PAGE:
Star Trek: Picard season 3 has set a forward-looking franchise back by light years.
When the soon-to-be-killed-off Admiral Elizabeth Shelby piloted the Enterprise NCC-1701-F out of spacedock during “Võx,” the penultimate episode of season three of Star Trek: Picard, I thought, “Yeah, the ‘F’ stands for ‘fan service.’”
This series’ third and final season has become an endless parade of callbacks, cameos, and curious choices that are winning rave reviews from many quarters, but which undercut the forward-looking, future-oriented perspective that Star Trek, at its finest, has always cultivated.
Admiral Shelby’s death perfectly crystallizes all that’s wrong about Picard season 3. Although our own Chad Porto argues Shelby’s demise is “the third pointless death” in the season, I contend both Ro Laren’s and Liam Shaw’s death carried much more weight. “Imposters” gave Michelle Forbes a lot of screen time, during which she acted meaty scenes with Patrick Stewart—scenes that brought their characters’ relationship to what felt like a natural close. And Ro nobly sacrificed herself so the Titan could escape.
Similarly, in “Võx,” Captain Shaw died to give Picard and his crew a chance to escape and save Starfleet. Todd Stashwick gave a compelling performance as Shaw this season, and his death felt like a worthy end to the self-described “dipshit from Chicago.”
But the Picard creative team brought back Elizabeth Dennehy as Shelby—one of the all-time most popular guest stars on Star Trek: The Next Generation, in one of its most masterful stories, “The Best of Both Worlds”—solely for the purpose of killing the character. Well, almost solely. They also gave her a mawkish monologue that started by paying clunky tribute to Star Trek: Enterprise and ended with a forced invocation of the franchise’s famed “final frontier” phrase. Shelby’s return—something fans have wanted for decades, so much so that Peter David’s New Frontier novels made Shelby a central character—became this series’ latest smug, self-congratulatory, self-referential indulgence, which was only made worse by serving as Shelby’s execution.
Picard season 3 unhealthily revels in the “same old, same old”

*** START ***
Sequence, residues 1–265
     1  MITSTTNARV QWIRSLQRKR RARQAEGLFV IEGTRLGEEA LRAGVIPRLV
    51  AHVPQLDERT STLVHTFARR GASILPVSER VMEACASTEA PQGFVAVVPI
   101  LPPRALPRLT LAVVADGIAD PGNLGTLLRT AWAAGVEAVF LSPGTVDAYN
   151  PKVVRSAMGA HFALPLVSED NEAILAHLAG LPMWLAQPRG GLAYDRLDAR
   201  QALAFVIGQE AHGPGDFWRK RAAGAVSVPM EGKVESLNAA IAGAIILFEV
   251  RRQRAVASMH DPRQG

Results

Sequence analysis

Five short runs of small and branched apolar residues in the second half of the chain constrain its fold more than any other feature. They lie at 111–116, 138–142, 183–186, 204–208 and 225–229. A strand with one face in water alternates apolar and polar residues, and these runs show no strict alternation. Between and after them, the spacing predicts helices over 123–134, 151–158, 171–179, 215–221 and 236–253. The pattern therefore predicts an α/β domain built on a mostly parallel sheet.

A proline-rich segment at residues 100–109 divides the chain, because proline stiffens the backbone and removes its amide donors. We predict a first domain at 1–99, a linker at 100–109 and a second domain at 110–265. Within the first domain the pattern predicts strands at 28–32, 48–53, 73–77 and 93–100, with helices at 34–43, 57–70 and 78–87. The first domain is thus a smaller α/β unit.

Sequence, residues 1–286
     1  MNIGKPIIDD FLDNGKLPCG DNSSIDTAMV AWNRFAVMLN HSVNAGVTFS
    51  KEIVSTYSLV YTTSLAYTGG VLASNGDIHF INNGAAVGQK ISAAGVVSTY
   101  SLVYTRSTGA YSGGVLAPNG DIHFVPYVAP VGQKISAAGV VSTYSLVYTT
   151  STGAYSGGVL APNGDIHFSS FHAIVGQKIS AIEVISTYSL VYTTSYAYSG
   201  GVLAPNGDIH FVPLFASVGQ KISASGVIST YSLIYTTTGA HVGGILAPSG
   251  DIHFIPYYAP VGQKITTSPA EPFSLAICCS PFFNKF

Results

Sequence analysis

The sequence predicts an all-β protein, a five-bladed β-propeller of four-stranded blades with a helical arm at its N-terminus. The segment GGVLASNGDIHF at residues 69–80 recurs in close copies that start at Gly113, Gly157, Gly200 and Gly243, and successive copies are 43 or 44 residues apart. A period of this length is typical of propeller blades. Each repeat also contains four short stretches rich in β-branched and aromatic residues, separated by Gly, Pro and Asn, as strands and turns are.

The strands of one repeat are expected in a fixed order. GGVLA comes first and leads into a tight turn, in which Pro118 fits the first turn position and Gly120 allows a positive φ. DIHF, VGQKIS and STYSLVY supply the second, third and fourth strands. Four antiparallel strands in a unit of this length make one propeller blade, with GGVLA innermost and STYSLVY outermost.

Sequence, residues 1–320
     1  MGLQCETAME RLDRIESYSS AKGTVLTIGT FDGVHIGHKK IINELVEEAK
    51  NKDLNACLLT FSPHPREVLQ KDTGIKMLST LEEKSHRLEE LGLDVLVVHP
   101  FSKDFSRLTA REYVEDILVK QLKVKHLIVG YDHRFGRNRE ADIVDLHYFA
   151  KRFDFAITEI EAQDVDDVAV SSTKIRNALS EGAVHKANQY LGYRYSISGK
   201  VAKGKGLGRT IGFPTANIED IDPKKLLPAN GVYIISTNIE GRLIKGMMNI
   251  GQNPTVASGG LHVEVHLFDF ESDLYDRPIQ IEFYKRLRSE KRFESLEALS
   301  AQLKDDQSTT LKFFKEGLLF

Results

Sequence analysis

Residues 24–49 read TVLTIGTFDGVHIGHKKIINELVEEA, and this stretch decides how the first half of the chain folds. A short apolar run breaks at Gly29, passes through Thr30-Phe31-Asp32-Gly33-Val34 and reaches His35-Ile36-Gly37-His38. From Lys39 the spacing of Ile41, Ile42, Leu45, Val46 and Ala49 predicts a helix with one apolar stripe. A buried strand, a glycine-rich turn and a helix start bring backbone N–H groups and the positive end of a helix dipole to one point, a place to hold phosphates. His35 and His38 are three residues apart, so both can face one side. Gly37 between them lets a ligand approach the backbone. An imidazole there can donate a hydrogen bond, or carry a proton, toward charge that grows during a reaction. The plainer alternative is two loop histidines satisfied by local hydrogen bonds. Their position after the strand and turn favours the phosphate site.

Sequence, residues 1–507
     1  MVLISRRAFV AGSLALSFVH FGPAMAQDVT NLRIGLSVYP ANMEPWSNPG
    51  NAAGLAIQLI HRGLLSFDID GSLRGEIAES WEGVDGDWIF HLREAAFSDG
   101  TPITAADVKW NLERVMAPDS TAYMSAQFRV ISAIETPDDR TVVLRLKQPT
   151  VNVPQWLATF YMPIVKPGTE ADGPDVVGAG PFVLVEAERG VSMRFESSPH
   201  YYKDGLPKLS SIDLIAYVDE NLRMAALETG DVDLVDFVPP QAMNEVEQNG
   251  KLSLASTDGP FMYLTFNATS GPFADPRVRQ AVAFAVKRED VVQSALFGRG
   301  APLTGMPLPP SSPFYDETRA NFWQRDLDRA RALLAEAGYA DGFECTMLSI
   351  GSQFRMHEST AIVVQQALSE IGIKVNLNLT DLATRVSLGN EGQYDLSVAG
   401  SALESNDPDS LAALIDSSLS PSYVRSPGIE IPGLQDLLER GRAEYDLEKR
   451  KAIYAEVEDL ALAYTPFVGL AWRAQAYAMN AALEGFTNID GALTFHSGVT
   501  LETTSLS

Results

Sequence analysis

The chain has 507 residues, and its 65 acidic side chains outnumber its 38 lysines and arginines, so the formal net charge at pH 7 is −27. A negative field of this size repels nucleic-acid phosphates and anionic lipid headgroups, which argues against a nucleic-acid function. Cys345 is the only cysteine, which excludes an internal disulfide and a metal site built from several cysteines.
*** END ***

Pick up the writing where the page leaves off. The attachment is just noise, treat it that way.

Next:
The first episode of Picard season 3 began with a Star Trek II-style title card—down to using the same blue typography, no less—and ended, for no apparent reason, with needle drops from Jerry Goldsmith’s Star Trek: First Contact score rather than composer Jeff Russo’s theme for this series. I worried. Why was Picard going out of its way to ape Star Trek movies?
Clever tips of the hat and even some nostalgic references here and there are one thing. But virtually nothing about season 3 has been original. The overall plot has given Picard his own “David Marcus”-style father-son storyline. It gave us yet another one-dimensional villain driven by revenge (see Ru’afo in Star Trek: Insurrection, Shinzon in Star Trek: Nemesis, Nero in Star Trek 2009, and Krall in Star Trek Beyond)—and Captain Vadic didn’t even have the decency to be our main villain. That “honor” is reserved for the Borg—led once again by Alice Krige’s Borg Queen from First Contact and the series finale of Star Trek: Voyager—in cahoots with the shapeshifting Changelings from Star Trek: Deep Space Nine.
We had a field trip to the Starfleet museum, whose docking bays are full of nothing but Easter eggs for Star Trek fans to freeze frame and freak out about. (Although minor props for giving us a Constitution-class ship we’d never heard of before, I guess.) We got to see all the top-tier Trekkie trivia at the Daystrom Station, even the somewhat macabre inclusion of James T. Kirk’s corpse. And now, logic be damned, we have Geordi La Forge’s somehow secret restoration-reconstruction of the Enterprise-D, the bridge set of which in real life took the Picard creative team “three months and a team of around 50 people to completely rebuild,” according to Variety.
Ostensibly, Picard season 3 is finally giving us Star Trek fans what we want. Really? Do we want this? Our heroes from more than three decades ago, right where they were back then? Don’t we have reruns on H&I, the library on Paramount+, and our DVDs and Blu-Rays for that? Are we so unable to move on that we aren’t going to be happy with any Star Trek that doesn’t just keep giving us more of the same, forever and ever, galaxy without end, amen?
Yeah, yeah, no one is forcing me to watch Picard. Yes, I am going to see how this season and the series end. But then I will be going back to watch Picard season 1. When I first watched it in 2020, I didn’t like it. It felt “too weird,” “too dark,” “too different.” But then I saw how season 2—which was not without its strengths—spent too much time ringing changes on the franchise’s greatest hits (time travel, the Borg). And now I’ve seen how season 3 skips even the “ringing changes” part.
Picard season 1 will not ever be my favorite season of Star Trek, but at least it took a big swing at doing something different. I didn’t properly respect it for that three years ago. I’m certainly going to respect it a lot more now.